The word ‘pluck’ is animal imagery and shows the unemotional side to war. Alliteration is also used with the words ‘bury…burrows.’ The last word of the second stanza ‘nakedness’ shows how vulnerable the soldiers and the loss of dignity they are getting when they die and their bodies are lying upon the beach unclothed. The religious imagery and biblical illusions of the third stanza, ‘And each cross, the driven stake of tide-wood,’ shows how Jesus died to save us and the soldiers are doing the same. The ‘cross’ bares acknowledgement of a person but no identity. The words, ‘bewildered
The Fallen concentrates very much on images of the soldiers in the war, specifically those young, fit men who are now dead, and then to the mourning country of England, because these young men will never experience the joy of life. The Soldier is very different from this because in this poem, there are close to no images of actual people or soldiers. The imagery of this poem is based largely around the landscape of England, and makes England seem alive. Apart from this difference, the poems have one identical piece of imagery embedded in the verses; war and death. The content of
¿Poetry invites us to explore interesting ideas. Bruce Dawe effectively does this through his use of language in war poetry. Bruce Daweâs Homecoming, predominantly focuses on the dehumanization of the soldiers at war as it is an antiwar protest poem. It talks about the process and meaning, of grieving and treatment of the soldiers in Vietnam. The words âmortuary coolnessâ accurately describes the mood or emotion felt in this poem, as it is rather passive for an antiwar poem.
The repetitive connection of the first line with the last blink blink Cemetery silence reflects both the reality of the cycle of life as well as its temporal nature. In death the absence of social restriction is emphasise through the listening of no responsible obligations or concerns. Through this technique the poet indicates the loneliness and emptiness of life as he sees it. Here the concept of identity seems to be lack of identity emptiness constructed through a negative reaction and cynicism about th
Wilfred Owen’s poem “Dulce Decorum Est” is a bleak poem designed to shock the reader by using provocative and interesting word choices to condemn and contradict the government and its supporter’s war propaganda. Particularly the quote “obscene as cancer” includes and interesting word choice. The impact of the word “obscene” is the reader thinks of something completely repulsive and disgusting. This would imply that Wilfred Owen finds cancer disgusting and derogatory. Owen is comparing the effects of cancer to the horror of war.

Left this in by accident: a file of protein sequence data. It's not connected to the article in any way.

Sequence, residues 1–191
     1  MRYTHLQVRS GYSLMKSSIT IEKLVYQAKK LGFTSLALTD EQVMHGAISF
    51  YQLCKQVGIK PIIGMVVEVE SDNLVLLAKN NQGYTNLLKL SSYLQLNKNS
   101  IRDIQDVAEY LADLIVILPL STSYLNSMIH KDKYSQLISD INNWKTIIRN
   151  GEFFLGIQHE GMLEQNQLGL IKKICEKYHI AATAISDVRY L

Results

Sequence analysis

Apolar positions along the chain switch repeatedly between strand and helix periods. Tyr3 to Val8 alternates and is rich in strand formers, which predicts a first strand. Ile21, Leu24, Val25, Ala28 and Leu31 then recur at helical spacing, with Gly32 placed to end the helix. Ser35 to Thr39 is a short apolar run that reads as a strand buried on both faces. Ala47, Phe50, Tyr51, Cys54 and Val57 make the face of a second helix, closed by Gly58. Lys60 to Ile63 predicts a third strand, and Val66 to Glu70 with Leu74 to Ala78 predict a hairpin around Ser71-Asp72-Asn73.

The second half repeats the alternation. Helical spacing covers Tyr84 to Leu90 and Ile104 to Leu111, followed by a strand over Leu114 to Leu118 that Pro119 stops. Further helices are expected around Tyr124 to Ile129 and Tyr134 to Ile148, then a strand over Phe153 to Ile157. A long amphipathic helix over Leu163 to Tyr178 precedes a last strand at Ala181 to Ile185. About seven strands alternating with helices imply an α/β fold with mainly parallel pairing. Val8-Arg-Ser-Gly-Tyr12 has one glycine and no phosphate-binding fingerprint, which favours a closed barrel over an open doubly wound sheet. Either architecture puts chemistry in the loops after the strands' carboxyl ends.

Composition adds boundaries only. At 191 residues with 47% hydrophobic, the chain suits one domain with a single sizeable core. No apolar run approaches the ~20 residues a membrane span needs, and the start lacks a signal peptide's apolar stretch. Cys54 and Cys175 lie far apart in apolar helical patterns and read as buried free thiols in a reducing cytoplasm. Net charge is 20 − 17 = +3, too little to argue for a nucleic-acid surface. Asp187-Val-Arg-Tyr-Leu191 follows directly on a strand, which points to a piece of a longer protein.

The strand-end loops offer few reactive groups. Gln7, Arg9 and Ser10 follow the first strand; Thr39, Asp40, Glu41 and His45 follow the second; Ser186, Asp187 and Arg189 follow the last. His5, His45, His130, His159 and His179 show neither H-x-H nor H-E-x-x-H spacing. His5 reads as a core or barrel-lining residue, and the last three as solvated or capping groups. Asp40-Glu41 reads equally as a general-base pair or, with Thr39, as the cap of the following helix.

The other soldiers (including the speaker of the poem, presumably Owen himself) are forced to watch the man slowly die as his insides are burned away by the chlorine gas. His dying body (still alive, but thrashing in agony) is thrown on a cart. We are told that the sight of the dying man stuck in his mind, causing him terrible nightmares for a long time afterwards. He states that if other people had seen that sight, or if they knew how truly terrible warfare is, they would not say that dying in battle is a glorious and honourable thing. The simile, "His hanging face, like a devil's sick of skin" highlights to the reader the worst possible illustration of war.
Question: Compare the ways in which Hardy portrays death in warfare in 'Drummer Hodge' and 'The Man He Killed' Hardy in ‘Drummer Hodge’ is trying to show us how war lowers the value of human life. Straight away, from the first stanza of ‘Drummer Hodge,’ Hardy writes about death in war. It begins with ‘They throw in Drummer Hodge...’ Immediately we can see the lack of respect for the Drummer, as they ‘throw’ him in, ‘to rest.’ Hardy further describes that Hodge is buried ‘Uncoffined – just as found;’ which reinforces our notion of the lack of respect shown towards the dead drummer. This shows us that in the haste of war the drummer is buried as quickly as possible, so fighting can resume, showing us how Hardy may be portraying the lowering value of a human being. We can also interpret this as presenting how death has become a nuisance for the military, resulting in dead soldiers being buried as quickly as possible.
The first issue he looks at is poetry’s marginality in Australian society. I think the best way that he expressed this was when he wrote ‘Marginality, as I have been suggesting, may be fundamental in our culture to the notion of poetry’ (McCooey 2005, pg. 5). He adapts quotes from published papers to support his opinions; always-using articles from well know sources like ‘The Australian’ and ‘The Sunday Age’. I feel by using these sources people feel more trusting and secure to side with something that seems more familiar too them.
George Buro 2/14/13 “The Ground Truth” Response War. What we’re told is that it’s justified killing. Is going into a foreign country, killing innocent people, destroying its infrastructure, running its resources dry, and then going on to the next country something you would classify as justifiable? If you have any of a heart in you, the right answer should be no. After watching “The Ground Truth,” one can take a lot away.
Nowhere in the novel is there a happy thought of war, it is constantly being shown as a destructive route to go. This portrayal of war in a negative light is highlighted by including the words slaughterhouse in the tittle. The slaughterhouse is the location where animals are slaughtered, the parallel between this and the tittle is that the book promotes the idea that war is an unnecessary route and only leads to the slaughter of humans. The tittle of the novel also reflects the major motif of Death. Death is embedded in every chapter and is used to show the destructiveness of a war.